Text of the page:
20 Aug 2014
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L.A. Riots: The View from an Echo Park Pulpit

David Farley, Pastor at the Echo Park United Methodist Church, preached this sermon the week of the L.A. Riots in 1992. The church will have no special commemoration of the uprising Sunday. But Farley says he will refer to it.

L.A. Riots: The View from an Echo Park Pulpit L.A. Riots: The View from an Echo Park Pulpit

There was a dark cloud over the city of Los Angeles this week. Flames ignited by a racist verdict and fannedby years of neglect and injustice destroyed the homes, the livelihood, and maybe even the hopes of innocent persons of all races. The city raged. The city cried. The city wounded itself in its anger.

We are angry. For many of us, our anger is mostly focused on the Rodney King verdict and how it representsmore than some isolated aberration, but rather a deep, long-term, widespread injustice. For some of us, our anger is focused on those who burn and loot and, out of either anger and frustration or greed and desperation, destroy parts of the city we love. And maybe for most of us the angeris directed at both. But whatever the focus of our anger, we can all join with Jesus as he weeps over the city saying,' would that even today you knew the things that made for peace.

Almost two thousand years ago there was a dark cloudover the city of Jerusalem. There was a crucifixion. De-struction and death seemed to reign. People had hoped that after years of oppression and suffering, after years of hopelessness and despair, their salvation had come. Butthen there was the verdict: "Crucify him!" The hope was crushed and the world fell apart.

And for many of us, in our personal lives, there is a dark cloud over our hearts. There is anger over our own hurts, there is fear about our own future, there is pain over how others have treated us, there is guilt over how we have treated others. So we, like the disciples following the crucifixion, hide behind shut doors, afraid of the outside world. Or we, like the looters, express our despair in self- destructive ways—hurting ourselves and those close to us.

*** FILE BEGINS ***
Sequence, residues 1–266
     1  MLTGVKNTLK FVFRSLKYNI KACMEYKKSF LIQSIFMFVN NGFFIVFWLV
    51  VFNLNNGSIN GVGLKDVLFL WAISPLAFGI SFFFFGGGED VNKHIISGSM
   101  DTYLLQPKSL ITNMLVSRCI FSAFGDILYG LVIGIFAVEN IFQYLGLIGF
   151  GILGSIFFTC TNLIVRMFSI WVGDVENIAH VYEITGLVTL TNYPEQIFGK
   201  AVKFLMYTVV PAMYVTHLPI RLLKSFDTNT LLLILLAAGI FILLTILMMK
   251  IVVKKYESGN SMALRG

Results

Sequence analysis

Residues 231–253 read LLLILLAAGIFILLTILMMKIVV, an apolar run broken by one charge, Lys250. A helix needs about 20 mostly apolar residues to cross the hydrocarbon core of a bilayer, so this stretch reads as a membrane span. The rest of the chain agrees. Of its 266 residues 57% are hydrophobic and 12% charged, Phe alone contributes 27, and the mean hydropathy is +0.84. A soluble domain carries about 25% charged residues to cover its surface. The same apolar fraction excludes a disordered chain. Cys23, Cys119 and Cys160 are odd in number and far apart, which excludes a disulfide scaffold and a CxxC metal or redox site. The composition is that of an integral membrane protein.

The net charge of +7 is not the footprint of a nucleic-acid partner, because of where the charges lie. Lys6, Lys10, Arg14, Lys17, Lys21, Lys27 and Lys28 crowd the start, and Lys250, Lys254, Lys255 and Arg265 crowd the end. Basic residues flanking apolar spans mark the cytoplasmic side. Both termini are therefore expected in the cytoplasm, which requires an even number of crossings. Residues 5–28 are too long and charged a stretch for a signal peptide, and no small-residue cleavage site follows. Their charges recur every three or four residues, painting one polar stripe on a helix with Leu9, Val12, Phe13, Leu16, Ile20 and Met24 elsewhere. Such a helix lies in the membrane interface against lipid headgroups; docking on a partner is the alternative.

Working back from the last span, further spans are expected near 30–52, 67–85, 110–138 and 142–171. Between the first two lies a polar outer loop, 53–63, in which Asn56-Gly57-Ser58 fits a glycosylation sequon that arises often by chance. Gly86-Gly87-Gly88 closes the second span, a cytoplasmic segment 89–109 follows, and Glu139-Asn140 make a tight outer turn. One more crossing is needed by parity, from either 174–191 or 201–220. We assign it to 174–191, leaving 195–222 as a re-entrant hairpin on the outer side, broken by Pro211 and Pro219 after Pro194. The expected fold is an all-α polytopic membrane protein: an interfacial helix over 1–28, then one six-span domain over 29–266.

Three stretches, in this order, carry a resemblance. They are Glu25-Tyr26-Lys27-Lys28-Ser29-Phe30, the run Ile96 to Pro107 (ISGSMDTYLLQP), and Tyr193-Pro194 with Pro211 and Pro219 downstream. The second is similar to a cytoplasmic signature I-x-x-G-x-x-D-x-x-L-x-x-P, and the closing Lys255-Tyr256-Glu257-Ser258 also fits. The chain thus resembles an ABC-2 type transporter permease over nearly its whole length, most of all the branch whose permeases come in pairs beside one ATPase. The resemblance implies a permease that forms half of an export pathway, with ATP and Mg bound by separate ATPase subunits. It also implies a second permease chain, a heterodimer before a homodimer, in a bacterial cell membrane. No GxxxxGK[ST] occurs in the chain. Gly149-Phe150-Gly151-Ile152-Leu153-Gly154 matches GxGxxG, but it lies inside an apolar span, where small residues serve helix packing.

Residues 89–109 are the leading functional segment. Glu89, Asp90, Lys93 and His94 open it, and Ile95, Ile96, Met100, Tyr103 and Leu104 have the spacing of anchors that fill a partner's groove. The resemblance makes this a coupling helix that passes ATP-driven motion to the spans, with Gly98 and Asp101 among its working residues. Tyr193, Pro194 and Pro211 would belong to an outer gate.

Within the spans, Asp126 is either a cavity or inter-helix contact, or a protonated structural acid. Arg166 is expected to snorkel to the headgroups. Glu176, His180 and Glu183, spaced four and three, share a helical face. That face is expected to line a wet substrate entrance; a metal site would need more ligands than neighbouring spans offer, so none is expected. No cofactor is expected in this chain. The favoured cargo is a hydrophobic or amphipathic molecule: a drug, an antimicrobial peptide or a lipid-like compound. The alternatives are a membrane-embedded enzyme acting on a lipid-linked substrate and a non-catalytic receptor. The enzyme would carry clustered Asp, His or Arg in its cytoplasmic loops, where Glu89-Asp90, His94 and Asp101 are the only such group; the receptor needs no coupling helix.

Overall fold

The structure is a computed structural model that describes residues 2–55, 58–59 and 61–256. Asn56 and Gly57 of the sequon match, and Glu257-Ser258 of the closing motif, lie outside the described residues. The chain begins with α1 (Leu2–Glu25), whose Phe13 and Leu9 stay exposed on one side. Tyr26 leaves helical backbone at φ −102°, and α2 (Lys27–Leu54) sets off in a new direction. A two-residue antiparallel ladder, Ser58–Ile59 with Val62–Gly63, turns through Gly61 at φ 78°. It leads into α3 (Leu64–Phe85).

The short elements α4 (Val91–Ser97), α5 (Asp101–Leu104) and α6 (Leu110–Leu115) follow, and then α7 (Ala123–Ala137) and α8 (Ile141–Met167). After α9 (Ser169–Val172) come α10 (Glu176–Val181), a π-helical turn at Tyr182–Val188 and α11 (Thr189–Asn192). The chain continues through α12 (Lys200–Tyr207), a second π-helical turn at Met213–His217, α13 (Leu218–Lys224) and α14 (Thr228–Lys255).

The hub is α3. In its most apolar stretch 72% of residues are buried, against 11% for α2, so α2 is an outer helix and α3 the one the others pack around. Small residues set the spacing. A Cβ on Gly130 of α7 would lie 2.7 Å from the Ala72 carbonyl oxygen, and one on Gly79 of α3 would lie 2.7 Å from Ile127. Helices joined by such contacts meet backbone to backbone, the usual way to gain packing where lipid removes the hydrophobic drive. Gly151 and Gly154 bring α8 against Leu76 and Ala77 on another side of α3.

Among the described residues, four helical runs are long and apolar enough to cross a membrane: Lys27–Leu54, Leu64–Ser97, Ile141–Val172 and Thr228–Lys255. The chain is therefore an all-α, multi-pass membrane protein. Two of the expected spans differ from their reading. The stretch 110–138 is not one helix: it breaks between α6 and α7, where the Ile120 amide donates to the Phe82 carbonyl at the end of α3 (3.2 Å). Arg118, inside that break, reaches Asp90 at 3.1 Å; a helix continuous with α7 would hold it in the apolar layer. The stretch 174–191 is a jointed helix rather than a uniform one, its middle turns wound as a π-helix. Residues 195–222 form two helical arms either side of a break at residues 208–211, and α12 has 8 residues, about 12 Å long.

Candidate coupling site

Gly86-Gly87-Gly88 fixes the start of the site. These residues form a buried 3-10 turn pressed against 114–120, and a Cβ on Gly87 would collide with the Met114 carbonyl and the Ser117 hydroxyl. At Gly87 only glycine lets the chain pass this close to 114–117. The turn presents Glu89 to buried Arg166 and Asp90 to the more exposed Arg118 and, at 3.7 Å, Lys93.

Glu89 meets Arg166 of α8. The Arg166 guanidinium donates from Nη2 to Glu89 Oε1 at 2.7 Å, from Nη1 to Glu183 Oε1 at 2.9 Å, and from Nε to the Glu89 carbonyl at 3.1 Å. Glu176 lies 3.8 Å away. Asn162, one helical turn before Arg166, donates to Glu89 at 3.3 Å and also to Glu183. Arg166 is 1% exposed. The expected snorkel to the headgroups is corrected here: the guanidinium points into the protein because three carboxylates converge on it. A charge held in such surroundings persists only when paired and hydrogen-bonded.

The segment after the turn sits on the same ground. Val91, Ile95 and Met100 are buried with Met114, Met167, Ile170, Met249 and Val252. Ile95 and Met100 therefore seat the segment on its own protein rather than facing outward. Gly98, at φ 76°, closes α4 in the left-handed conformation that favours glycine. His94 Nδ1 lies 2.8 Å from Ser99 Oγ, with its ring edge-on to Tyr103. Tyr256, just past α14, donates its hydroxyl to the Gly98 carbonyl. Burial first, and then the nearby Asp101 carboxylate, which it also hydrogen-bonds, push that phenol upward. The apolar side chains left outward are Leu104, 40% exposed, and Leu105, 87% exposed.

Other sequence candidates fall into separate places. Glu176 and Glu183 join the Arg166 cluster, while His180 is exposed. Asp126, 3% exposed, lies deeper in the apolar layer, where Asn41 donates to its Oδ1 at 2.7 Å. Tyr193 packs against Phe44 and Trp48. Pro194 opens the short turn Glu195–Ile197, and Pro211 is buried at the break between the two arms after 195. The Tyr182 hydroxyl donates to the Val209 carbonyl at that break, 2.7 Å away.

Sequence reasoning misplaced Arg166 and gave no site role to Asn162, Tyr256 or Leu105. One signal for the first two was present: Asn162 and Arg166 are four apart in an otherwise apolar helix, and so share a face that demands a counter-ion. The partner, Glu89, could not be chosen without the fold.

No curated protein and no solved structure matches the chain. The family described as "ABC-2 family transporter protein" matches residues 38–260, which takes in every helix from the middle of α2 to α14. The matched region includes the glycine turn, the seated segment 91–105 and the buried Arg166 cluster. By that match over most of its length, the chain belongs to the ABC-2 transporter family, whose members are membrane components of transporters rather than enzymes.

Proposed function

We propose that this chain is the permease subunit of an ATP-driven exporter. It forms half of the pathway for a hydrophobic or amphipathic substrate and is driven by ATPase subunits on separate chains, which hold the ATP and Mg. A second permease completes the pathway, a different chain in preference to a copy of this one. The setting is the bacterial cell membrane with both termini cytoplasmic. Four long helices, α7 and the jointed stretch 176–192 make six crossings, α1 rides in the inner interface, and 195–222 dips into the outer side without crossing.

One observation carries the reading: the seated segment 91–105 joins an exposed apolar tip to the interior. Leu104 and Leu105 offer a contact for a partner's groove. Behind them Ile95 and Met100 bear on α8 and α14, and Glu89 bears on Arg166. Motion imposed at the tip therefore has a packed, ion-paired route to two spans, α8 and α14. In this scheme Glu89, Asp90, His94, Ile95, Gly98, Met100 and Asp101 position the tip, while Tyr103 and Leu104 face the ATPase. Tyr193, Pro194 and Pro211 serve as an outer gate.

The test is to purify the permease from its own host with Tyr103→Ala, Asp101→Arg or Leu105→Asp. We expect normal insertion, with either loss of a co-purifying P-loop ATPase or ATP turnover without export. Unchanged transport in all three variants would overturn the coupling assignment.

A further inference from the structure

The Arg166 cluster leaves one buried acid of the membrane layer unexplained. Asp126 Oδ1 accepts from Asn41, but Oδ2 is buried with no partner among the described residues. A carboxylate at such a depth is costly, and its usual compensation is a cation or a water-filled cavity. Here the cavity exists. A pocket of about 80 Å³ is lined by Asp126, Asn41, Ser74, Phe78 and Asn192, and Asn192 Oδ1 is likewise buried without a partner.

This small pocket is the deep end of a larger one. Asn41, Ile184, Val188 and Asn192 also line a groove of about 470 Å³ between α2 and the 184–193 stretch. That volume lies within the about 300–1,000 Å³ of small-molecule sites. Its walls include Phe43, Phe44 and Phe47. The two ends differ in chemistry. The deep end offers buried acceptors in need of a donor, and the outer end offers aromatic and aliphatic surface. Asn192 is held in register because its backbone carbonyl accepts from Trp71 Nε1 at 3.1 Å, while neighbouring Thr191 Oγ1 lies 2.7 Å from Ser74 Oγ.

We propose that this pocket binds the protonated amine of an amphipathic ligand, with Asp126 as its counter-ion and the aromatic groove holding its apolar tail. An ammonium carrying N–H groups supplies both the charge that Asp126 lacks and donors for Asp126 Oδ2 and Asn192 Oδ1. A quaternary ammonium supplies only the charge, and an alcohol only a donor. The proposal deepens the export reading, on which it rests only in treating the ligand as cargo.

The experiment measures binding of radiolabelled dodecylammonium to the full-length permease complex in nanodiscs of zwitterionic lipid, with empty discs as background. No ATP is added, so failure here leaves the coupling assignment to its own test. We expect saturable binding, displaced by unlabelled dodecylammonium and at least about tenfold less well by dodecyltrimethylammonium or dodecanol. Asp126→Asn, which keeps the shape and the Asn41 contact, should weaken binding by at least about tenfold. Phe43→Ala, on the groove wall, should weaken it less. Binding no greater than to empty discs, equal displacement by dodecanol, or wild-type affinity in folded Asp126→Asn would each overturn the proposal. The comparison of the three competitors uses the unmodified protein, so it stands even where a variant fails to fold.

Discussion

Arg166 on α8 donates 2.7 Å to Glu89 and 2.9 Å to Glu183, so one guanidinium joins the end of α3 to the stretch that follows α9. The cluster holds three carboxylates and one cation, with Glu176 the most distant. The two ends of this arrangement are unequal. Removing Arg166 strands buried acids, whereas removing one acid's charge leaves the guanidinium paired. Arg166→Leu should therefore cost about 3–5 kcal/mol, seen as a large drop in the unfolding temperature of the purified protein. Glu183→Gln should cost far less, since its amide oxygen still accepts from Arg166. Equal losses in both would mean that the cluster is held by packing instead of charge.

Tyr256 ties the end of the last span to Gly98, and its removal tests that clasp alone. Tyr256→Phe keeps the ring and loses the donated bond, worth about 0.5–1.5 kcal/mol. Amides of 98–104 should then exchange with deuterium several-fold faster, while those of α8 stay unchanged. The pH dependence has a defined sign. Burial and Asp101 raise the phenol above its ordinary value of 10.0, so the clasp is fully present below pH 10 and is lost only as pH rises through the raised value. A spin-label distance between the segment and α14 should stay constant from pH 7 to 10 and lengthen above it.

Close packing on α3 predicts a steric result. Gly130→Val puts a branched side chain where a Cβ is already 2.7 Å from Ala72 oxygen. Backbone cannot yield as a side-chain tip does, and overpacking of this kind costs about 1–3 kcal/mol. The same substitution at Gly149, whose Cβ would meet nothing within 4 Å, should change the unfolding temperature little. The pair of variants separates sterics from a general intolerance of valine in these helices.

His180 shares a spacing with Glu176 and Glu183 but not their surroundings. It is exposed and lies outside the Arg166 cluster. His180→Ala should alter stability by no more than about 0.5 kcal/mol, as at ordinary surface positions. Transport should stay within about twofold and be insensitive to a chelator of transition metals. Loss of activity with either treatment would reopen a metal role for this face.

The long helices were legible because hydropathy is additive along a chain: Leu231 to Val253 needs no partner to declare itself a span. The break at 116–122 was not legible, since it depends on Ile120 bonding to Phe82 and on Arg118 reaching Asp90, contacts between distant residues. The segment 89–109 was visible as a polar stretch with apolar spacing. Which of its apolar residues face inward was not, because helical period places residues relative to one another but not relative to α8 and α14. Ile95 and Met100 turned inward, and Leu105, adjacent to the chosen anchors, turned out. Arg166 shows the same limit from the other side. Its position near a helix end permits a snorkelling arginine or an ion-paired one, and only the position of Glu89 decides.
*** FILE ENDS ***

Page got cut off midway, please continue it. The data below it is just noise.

There are times in our personal lives and in our life as a community when we face the fire—when fear burns inside us, or grief and pain singe our souls; when bitter-ness and resentment flame up in our hearts, blinding us with its heat and smoke. There are times in our lives when fire would seem so great that we believe our destruction is certain. We can hear no words of love over its crackling. We can see no images of hope beyond its flames. As Bruce Springsteen says:

When the night's quiet and you don't care anymore

And your eyes are tired, and-there's someone at

your door, and you realize you wanna let go.

And the weak lies and the cold walls you embrace

eat at your insides and leave you face to face

with streets of fire, streets of fire.

Each of us walk the streets of fire at times in our lives. Whether we come through these times as charred ruins or whether we come through them as refined silver dependson whether or not we have opened ourselves to God's presence with us in those times. If we meet the God of justice and compassion in the fire, then it will refine; if we do not, the fire will destroy.

Our scripture this morning has a powerful message for those who have come through fire and pain and who seek to make sense of it. Last Sunday I spoke about Thomas demanding to touch the wounds of the crucified one in order to believe in the resurrected one, and how we must touch the wounds of the Christ in the suffering of our neighbors if we are to experience the resurrection. We must not lock ourselves away in fear. We must be sent forth as Jesus sent forth his disciples from their hiding place behind the shut doors. We are sent forth to understand how and why people hurt.